“But …” Princess Aiwen’s voice trailed as a booming voice interjected, “Why, my dear king and princess, look at the moon!” It was Queen Nina, whose sturdy figure still trailed slightly behind them.
They looked up. The moon was brilliant against the pristine deep-blue of the sky, making all the torches and lanterns dotting the garden seem superfluous. There was not a trace of cloud.
“It’s beautiful!” said the king dreamily. “They don’t call it the Moon Festival for nothing.”
“They call it the ‘Mid-Autumn Festival’ in Chinese,” the princess quipped. There was a lighthearted musical tone in her voice. The princess was proud of her mastery of seven foreign languages, Chinese being one of them. That was… seven, and counting.
“She’s learned all about our neighboring countries and prepared to take my place in six months. I bet she can’t wait.” The king pretended to be annoyed.
“I wish this weren’t happening so soon. I am not sure I am ready,” Princess Aiwen replied, her dark eyes now serious.
Presently they arrived at the pavilion, lit by numerous lanterns rimming the eaves. A number of guests had arrived, looking festive in their red, magenta and blue silk tunics and chiffon dresses and sashes. The entire council of ministers and their families were there, with a few other highborn guests.
“Your majesty!” “Your highness!” They stopped their chitchat and bowed to the royal family.
“Colonel Shakne!” a guard announced. At that the princess rolled her eyes but the king and queen both smiled broadly. It was an open secret that they regarded the young colonel as a prospect for Princess Aiwen. Much to their dismay, the princess steadfastly snubbed the colonel. She considered him a dandy. She called him a “long-legged wimp” among other names, mostly behind his back, in reference to his lanky stature and soft, easy-going manners. Unfortunately for the princess, the insult seemed lost on the colonel and his irrepressible spirit suffered no visible injury. The name-calling only cemented his conviction that the princess was devilishly witty.
Once she had asked her parents, “What do you see in him? He’s hardly known for either superior intellect or extraordinary valor.” “But he is so agreeable and good looking!” the king had answered. “Is that all?” she had demanded in amazement. “But he has a good heart,” the queen had then asserted without offering any evidence. “Yes, his heart is in the right place,” the king had said, trying to bolster her claim by simply restating it. “How do you know so much about his heart?” the princess had jested with a frown.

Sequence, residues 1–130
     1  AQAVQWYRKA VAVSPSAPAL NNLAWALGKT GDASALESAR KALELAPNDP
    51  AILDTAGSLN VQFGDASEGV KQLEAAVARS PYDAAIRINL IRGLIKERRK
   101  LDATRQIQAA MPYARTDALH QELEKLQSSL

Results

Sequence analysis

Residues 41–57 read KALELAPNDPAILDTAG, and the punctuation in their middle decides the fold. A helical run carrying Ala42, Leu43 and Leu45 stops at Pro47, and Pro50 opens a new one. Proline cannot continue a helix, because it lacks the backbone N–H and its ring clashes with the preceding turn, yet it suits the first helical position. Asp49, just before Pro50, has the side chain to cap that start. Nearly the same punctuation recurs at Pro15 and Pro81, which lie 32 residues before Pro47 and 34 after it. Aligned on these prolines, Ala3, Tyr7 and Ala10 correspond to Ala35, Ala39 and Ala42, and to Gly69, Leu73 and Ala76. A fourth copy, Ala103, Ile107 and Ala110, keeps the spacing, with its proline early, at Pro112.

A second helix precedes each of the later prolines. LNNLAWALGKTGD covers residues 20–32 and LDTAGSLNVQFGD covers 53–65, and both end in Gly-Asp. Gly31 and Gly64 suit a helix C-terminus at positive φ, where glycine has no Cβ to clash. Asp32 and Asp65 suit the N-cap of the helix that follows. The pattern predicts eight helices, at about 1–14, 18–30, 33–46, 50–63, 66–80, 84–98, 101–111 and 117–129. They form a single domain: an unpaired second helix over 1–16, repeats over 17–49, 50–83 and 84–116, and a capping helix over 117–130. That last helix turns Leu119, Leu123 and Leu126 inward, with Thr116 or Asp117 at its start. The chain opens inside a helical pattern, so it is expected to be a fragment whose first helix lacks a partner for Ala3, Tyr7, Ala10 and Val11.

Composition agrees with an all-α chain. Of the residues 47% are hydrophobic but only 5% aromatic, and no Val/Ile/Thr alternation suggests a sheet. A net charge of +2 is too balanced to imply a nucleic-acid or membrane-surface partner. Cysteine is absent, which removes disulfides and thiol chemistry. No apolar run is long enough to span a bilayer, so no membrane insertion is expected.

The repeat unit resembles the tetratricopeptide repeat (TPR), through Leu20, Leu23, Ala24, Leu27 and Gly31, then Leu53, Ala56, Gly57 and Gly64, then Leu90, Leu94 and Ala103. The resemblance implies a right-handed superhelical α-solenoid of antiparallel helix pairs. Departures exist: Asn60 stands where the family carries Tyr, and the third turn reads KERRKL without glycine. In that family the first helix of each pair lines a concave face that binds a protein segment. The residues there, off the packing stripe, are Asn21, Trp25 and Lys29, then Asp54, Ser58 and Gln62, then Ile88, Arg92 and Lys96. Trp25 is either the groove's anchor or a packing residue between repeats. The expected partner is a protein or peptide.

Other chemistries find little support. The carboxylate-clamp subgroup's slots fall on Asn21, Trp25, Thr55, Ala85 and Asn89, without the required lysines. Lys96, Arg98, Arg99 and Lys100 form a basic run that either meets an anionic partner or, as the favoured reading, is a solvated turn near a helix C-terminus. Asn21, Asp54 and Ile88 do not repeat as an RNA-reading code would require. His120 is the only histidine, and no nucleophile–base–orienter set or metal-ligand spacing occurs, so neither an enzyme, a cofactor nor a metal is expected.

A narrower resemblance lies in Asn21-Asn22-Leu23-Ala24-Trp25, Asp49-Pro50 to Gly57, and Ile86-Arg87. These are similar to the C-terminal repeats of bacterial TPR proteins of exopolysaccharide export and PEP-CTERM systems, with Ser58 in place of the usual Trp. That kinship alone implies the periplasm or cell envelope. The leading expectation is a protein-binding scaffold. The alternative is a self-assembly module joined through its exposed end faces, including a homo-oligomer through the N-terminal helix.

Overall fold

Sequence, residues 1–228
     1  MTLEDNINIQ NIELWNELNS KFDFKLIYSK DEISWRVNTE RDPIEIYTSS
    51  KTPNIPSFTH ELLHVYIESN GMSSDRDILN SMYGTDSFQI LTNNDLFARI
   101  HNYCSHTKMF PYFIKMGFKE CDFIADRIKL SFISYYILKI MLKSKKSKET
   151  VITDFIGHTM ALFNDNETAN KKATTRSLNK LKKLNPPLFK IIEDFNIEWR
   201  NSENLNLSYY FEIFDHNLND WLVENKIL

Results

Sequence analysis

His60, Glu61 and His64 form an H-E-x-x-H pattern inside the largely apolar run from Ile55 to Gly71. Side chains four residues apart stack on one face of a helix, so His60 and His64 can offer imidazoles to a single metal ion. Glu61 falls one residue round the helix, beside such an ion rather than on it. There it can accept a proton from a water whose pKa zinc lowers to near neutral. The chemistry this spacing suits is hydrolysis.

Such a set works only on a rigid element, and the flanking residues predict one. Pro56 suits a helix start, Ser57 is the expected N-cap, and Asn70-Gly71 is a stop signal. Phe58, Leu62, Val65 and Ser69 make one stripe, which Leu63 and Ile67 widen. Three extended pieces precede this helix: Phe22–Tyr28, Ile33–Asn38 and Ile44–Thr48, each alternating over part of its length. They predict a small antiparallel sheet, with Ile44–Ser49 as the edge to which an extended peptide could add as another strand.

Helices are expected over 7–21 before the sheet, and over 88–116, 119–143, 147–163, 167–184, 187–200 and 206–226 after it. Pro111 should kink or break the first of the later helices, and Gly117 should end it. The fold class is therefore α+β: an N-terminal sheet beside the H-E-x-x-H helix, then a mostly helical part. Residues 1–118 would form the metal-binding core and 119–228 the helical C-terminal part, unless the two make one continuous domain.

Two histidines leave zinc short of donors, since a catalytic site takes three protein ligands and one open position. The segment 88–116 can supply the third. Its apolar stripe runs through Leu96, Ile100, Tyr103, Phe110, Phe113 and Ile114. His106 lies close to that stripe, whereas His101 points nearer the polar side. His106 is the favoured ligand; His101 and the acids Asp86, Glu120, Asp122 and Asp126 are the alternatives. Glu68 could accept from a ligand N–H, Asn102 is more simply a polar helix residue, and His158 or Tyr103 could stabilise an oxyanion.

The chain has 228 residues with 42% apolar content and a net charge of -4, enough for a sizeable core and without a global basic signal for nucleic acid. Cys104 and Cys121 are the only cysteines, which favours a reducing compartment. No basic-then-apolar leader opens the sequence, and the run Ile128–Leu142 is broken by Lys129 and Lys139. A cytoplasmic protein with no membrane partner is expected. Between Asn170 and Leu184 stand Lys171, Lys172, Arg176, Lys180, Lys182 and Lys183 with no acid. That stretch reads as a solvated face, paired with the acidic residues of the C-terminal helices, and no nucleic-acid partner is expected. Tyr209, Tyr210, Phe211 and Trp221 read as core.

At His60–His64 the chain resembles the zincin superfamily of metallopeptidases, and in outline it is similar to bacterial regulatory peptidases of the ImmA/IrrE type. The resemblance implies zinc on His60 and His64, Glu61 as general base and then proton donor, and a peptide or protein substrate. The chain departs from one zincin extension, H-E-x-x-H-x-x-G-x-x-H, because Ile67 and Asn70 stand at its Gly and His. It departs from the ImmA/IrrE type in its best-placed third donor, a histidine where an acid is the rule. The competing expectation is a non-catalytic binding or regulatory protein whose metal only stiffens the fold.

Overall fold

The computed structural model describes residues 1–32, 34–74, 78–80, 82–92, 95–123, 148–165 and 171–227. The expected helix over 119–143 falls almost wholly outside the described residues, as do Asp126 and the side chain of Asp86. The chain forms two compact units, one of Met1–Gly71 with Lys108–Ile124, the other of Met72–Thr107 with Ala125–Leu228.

The colonel was smartly dressed tonight, as always. He walked briskly up to the pavilion, greeting the royal family first. The king noticed with satisfaction that the colonel’s eyes stayed on the princess a second longer than courtesy demanded and flickered with admiration before he turned away to greet the others.
Now the royal family had arrived, the party was underway. Most guests followed the king’s lead to the food table. Some chose to watch the moon instead. No one had any premonition of what was about to happen.
Suddenly everyone shivered and blinked. Skirts fluttered, lanterns swayed and leaves rustled. A thousand things seemed to move at once. A gust of odd wind had come out of the blue and blown out all torches and lanterns in the garden, leaving the moon alone to illuminate the dark. With the wind came a bone-deep chill and nauseating odor.
Within a second, dark clouds set in and completely covered the moon. Blackness swallowed the garden. Blackness and something that slashed people like thousands of whips. It was the wind. The wind had taken on a savage life, howling like a thousand wolves, accompanied by numerous cracks and booms, the sounds of branches breaking and tiles falling on the ground. The air became a battleground of noises, and things. Dishes, baskets, goblets, utensils, linens, branches, leaves, dirt, tiles, and bricks whirled around, slammed people and smashed each other, rolled, flapped, clanked and banged. The ground seemed to shake. People cried, gasped for air, flailed their arms against flying objects, and scrambled to grab onto something solid to keep from flying away.
“Demon wind!” someone cried in a half-strangled voice barely audible above the din.
Then they heard a loud scream. It was the princess!
“Aiwen! Are you alright?” the king and queen cried at the same time.
There was no answer.
It seemed like ages but the wind stopped only seconds later.
The moon was shining again, but the princess was nowhere to be found.
©Yu Chen 2011